Aiia Conversations: Journalism Ethics In An Age Of Global News

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Aiia Conversations: Journalism Ethics In An Age Of Global News
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Australian Institute of International Affairs (AIIA) - Queensland Branch says
A panel discussion with Associate Professor Roger Patching, Nance Haxton, Professor Mark Pearson, Danielle Cronin

It seems the news is increasingly filled with stories of journalists who have crossed an ethical boundary. Several journalists were arrested and many more resigned after the News of the World phone hacking scandal broke in 2011. After the Charlie Hebdo shooting in early 2015, media outlets had to decide whether to publish contentious cartoons from the French satirical newspaper. The New York Times published a photo of Pope Benedict XVI made of condoms, yet did not publish Charlie Hebdo’s provocative cartoon of the Prophet Muhammad. More controversy arose from the same incident, as four French news outlets were sued for reporting the attack and where people were hiding as the shooting occurred.

In September 2015, a Hungarian camerawoman was fired by N1TV for tripping refugees as they ran past her, while in the same month there was debate over publishing photos of Alan Kurdi, a Syrian child who had washed up on a Turkish beach. Various media outlets ran the photos despite their graphic nature, while others chose not to publish. The UK Daily Mail retracted a photo they had published of an ISIS execution in 2015, after stating the photo was recent when it was initially published by World Affairs in September 2014. Earlier this year, a 60 Minutes crew were jailed in Beirut while filming a botched child recovery operation. And last month there were over 700 complaints made to the Press Council of Australia regarding The Australian’s editorial cartoon depicting indigenous Australians.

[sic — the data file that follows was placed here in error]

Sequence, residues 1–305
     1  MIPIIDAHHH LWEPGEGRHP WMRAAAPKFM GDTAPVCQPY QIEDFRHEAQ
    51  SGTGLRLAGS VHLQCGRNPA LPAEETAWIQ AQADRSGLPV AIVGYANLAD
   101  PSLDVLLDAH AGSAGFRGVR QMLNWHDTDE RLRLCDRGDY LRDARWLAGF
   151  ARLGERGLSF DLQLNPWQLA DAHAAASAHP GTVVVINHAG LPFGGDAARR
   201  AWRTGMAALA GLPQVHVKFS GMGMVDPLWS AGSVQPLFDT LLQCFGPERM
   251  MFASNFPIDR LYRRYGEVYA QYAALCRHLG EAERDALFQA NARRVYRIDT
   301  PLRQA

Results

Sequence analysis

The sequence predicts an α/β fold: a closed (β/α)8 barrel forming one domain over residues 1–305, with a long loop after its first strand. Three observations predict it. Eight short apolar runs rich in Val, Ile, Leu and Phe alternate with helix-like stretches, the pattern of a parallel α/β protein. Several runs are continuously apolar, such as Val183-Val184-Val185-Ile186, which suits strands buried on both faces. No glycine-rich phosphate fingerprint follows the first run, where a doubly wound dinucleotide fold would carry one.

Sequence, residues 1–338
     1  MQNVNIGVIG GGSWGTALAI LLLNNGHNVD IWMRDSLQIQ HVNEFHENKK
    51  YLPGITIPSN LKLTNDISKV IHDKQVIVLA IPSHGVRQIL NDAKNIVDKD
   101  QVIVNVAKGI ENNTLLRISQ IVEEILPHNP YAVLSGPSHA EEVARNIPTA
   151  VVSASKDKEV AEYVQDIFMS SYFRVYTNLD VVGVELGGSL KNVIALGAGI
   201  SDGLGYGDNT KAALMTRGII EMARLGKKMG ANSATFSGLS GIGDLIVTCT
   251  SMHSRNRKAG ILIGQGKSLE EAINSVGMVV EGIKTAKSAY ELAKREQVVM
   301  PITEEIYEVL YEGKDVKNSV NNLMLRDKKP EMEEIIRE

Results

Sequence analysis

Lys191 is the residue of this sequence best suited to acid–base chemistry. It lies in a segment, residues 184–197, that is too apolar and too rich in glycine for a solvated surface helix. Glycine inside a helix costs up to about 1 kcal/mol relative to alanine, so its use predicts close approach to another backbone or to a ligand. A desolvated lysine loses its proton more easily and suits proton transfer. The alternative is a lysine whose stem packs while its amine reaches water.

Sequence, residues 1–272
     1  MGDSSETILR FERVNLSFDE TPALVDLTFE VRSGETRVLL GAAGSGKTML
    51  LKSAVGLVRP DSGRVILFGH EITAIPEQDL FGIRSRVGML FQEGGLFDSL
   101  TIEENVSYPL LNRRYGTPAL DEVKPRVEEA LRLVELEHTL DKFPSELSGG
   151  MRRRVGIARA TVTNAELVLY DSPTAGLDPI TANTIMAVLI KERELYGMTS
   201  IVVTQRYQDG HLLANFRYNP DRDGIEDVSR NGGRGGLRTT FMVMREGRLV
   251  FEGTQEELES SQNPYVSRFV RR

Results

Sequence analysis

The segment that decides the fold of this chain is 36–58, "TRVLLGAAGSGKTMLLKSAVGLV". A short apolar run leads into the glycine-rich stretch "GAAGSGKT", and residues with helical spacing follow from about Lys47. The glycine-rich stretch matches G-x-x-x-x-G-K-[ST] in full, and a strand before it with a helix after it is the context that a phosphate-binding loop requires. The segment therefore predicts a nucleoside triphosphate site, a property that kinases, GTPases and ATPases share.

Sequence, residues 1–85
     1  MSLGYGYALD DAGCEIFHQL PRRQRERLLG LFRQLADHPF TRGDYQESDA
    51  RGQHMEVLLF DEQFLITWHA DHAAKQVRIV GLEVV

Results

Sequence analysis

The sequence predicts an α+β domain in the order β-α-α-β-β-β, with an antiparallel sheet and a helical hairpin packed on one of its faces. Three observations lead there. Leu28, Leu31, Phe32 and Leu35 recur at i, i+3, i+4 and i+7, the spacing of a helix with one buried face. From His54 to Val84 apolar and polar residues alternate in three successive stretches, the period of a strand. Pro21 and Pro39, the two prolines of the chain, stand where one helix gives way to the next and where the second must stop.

In an era of 24-hour news, journalists are under intense cost and time pressures to publish stories at an increased rate, yet are still expected to maintain the highest possible degree of accuracy, fairness, objectivity, impartiality and public accountability. With the added pressure of capturing the attention of an ever distracted and indifferent audience, it is not surprising the news is increasingly filled with stories of journalists who have crossed ethical boundaries. In addition, anyone with access to the internet is now able to publish journalistic material, but may not be bound by the same ethical guidelines as career journalists. From the protection of freedom of speech, to citizen journalism, to the use of emotive language and photographs, the ethical dilemmas faced by journalists today are many.

Join Dr Roger Patching, Adjunct Associate Professor at Bond University, Dr Mark Pearson, Professor at Griffith University, Danielle Cronin, Editor of the Brisbane Times and Nance Haxton, radio current affairs reporter at ABC Radio, as they discuss current ethical guidelines in a time when the impact of a journalist can be global.
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By: Australian Institute of International Affairs (AIIA) - Queensland Branch

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